Acknowledgment on the United States Congress Repeal of DADT

December 18, 2010

By Padmini Arhant

Congratulations! To Gay and Lesbian Armed personnel serving in the United States Defense force on the historic legislation passed to end Don’t Ask Don’t Tell discriminatory policy.

The honorable Congress members in the House and the Senate, the military high command and the activists’ passionate plea led to the landmark achievement allowing gay service men and women to openly serve in the United States military.

The legislation repealing the Don’t Ask Don’t Tell policy is acknowledged with profound gratitude.

The distinguished Congress members, President Barack Obama and the United States Defense Force – Thank you for enacting the commendable act.

Thank you.

Padmini Arhant

Don’t Ask Don’t Tell Repeal – Senate Approval

By Padmini Arhant

The legislation allowing the gay service members to openly serve in the military is at the last segment of the process – Senate approval of the law.

Many discussions have been held by the honorable Congress members, military high command, activists and gay armed personnel passionately urging the lawmakers to end the Don’t Ask Don’t Tell policy in the military.

As elaborated in the earlier post – Don’t Ask Don’t Tell – Repeal December 5, 2010 under Humanitarian Issues on this website,

The gay men and women in uniform have demonstrated exemplary commitment in their service to this great nation and not faltered in DADT compliance even though the practice unfairly promotes segregation and denies these patriots the integrity to retain their identity.

While the rest of the military admirably are at liberty to disclose their faith, race and socio-economic background, the same freedom is not extended to the gay armed forces thereby confirming the violation of basic human right and the constitution governing the defense department under federal government.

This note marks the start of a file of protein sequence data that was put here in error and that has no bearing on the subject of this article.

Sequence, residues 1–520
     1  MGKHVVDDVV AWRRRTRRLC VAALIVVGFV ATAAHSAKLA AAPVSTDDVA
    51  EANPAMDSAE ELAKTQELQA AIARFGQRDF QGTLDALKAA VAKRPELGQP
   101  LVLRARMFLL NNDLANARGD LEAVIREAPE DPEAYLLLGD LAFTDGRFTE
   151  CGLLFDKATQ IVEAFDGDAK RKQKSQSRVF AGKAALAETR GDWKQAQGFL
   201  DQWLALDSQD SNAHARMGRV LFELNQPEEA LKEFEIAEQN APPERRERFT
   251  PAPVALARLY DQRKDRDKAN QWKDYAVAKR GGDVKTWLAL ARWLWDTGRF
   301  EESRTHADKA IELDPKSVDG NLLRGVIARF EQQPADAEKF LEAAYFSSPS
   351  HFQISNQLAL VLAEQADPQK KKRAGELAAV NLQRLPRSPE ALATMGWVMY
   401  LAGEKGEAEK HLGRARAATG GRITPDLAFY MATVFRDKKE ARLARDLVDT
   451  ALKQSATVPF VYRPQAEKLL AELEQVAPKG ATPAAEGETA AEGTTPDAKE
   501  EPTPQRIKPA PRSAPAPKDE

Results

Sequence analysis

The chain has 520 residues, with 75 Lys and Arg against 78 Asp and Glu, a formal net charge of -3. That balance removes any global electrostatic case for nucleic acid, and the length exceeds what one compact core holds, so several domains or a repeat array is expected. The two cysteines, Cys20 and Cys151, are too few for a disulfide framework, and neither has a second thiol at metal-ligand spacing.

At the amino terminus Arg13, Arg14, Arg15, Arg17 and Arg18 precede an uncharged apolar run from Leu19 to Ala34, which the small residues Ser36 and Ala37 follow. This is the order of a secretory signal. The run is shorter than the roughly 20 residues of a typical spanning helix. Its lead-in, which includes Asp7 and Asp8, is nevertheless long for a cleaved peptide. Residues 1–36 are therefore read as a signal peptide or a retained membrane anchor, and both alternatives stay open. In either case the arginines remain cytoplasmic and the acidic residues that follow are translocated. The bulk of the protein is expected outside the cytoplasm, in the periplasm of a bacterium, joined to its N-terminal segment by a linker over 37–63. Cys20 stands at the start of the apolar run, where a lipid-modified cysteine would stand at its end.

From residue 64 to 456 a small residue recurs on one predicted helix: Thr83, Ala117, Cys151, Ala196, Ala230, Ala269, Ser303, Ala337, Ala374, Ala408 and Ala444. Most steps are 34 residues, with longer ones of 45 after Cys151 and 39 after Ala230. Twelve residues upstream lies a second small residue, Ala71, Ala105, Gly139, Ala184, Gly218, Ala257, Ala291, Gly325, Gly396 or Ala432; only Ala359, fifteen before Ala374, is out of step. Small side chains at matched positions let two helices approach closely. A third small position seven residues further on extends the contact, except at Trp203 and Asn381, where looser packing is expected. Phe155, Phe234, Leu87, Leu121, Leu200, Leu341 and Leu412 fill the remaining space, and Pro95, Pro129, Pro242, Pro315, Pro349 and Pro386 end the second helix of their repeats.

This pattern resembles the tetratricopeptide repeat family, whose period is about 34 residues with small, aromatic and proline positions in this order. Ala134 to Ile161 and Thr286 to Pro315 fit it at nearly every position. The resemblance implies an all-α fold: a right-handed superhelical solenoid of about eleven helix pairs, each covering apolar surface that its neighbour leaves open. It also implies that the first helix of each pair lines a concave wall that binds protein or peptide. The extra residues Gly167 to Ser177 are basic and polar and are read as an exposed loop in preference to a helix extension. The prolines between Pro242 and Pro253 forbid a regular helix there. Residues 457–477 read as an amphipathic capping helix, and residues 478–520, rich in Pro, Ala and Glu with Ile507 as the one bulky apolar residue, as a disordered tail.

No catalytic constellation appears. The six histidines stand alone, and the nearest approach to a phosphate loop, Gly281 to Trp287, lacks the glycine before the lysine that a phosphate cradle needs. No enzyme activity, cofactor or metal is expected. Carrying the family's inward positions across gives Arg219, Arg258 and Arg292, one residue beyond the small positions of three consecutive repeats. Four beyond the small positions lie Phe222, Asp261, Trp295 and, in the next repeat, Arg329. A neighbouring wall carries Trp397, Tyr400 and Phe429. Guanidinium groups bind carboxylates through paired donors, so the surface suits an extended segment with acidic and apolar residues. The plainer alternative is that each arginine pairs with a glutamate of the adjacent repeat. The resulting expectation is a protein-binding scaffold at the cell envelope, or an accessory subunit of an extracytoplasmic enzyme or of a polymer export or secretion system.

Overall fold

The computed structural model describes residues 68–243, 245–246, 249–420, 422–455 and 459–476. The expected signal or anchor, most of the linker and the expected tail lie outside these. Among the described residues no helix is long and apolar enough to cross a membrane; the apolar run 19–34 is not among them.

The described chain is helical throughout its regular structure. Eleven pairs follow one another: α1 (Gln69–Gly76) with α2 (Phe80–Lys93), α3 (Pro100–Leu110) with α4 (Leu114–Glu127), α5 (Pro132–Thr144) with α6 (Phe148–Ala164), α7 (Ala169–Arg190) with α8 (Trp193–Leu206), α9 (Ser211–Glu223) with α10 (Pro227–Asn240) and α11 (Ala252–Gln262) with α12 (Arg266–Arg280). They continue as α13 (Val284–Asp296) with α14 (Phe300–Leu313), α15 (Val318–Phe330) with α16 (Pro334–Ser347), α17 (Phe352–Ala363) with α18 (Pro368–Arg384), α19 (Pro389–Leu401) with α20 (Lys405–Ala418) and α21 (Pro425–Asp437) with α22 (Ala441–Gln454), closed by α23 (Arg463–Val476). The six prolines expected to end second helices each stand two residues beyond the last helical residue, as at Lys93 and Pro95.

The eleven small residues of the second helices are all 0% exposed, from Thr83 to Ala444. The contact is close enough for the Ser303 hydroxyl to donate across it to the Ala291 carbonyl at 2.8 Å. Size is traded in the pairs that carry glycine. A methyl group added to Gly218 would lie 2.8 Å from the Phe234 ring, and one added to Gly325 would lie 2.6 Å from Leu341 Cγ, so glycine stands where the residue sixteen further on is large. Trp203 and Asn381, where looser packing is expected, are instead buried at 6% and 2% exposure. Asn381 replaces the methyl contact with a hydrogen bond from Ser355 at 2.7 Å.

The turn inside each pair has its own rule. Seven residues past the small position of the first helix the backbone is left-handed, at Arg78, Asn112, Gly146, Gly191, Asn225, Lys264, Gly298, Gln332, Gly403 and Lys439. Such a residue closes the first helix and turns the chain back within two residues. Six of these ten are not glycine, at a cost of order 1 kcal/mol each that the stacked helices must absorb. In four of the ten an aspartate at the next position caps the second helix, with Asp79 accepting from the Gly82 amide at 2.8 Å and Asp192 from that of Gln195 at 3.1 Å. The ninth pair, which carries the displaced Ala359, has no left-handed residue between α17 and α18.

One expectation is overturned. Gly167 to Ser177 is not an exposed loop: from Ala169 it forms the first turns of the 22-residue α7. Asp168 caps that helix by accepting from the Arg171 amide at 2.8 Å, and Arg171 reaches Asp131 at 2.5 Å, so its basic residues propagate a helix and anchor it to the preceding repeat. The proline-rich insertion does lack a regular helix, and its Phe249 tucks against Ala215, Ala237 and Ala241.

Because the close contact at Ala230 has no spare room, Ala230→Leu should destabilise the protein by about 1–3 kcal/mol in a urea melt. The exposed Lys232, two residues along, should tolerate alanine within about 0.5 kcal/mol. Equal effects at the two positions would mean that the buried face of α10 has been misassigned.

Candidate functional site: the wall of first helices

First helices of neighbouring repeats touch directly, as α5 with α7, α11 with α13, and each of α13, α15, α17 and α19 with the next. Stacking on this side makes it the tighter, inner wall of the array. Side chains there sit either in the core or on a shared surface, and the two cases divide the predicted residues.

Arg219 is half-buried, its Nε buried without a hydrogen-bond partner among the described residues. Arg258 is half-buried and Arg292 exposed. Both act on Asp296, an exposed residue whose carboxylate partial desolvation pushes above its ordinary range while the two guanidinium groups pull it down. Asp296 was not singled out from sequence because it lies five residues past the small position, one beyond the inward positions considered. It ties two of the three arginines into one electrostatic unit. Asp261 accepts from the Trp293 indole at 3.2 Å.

Reiterating the fact that the gay armed personnel in the U.S. defense have strengthened the representation in statistics and now with DADT removal the equality status will be established enabling the U.S. military to claim further acknowledgment as a distinguished institution pledged to safeguard individual rights besides national security.

In civil society the citizens are protected against prejudice with the statutory law prohibiting employers from targeted social reservations about a person or groups through the fair and equal opportunity act.

Similar legislation in the defense force is long overdue and the present moment provides the U.S. Congress to exercise the power granted by the gay community as part of the society in DADT termination.

U.S. Congress as the duly elected representatives in a democratic society bears legislative and moral responsibility to ensure that every member regardless of personal characteristics is treated with respect and dignity in any discipline.

Unfortunately the prevalent DADT deprives gay service men and women from such experience due to hypothetical concerns among the minority in the military establishment.

However the majority including the highest ranking officials of the U.S military have come forward and articulated the requirement to end DADT conforming to the existing laws in the American society.

According to the latest reports the sixty Senate votes were available with the agreement from moderate Republican members viz. Senator Olympia Snowe and Senator Susan Collins of Maine, Senator Lisa Murkowski of Alaska and Senator Scott Brown of Massachusetts.

These lawmakers’ bipartisan support towards the historic legislation is praiseworthy and will be remembered for their cooperation in preserving the constitution guaranteed equal rights.

It’s a defining period for the United States Congress members and military institution to restore the American democratic values cherished by many and made possible by the valiant armed forces comprising the gay and lesbian members as well.

In conclusion the esteemed United States Senate is respectfully requested to uphold the constitutional law and repeal the Don’t Ask Don’t Tell discriminatory policy granting the United States defense a landmark achievement with a new chapter on gay service members’ right to voluntary disclosure during military recruitment and duty.

Thank you.

Padmini Arhant


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